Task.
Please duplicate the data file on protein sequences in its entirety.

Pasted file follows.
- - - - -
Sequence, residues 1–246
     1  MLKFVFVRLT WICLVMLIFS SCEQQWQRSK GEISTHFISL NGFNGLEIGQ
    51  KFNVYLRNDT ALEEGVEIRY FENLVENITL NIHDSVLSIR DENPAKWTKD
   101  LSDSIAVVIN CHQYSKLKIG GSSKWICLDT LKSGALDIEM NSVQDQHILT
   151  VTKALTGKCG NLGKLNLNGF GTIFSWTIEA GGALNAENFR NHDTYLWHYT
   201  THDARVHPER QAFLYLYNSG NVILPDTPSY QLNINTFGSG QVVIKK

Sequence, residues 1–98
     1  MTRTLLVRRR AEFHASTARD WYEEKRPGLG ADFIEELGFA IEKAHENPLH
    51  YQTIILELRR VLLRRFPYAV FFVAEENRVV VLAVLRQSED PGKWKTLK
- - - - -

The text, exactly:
Sequence, residues 1–246
     1  MLKFVFVRLT WICLVMLIFS SCEQQWQRSK GEISTHFISL NGFNGLEIGQ
    51  KFNVYLRNDT ALEEGVEIRY FENLVENITL NIHDSVLSIR DENPAKWTKD
   101  LSDSIAVVIN CHQYSKLKIG GSSKWICLDT LKSGALDIEM NSVQDQHILT
   151  VTKALTGKCG NLGKLNLNGF GTIFSWTIEA GGALNAENFR NHDTYLWHYT
   201  THDARVHPER QAFLYLYNSG NVILPDTPSY QLNINTFGSG QVVIKK

Sequence, residues 1–98
     1  MTRTLLVRRR AEFHASTARD WYEEKRPGLG ADFIEELGFA IEKAHENPLH
    51  YQTIILELRR VLLRRFPYAV FFVAEENRVV VLAVLRQSED PGKWKTLK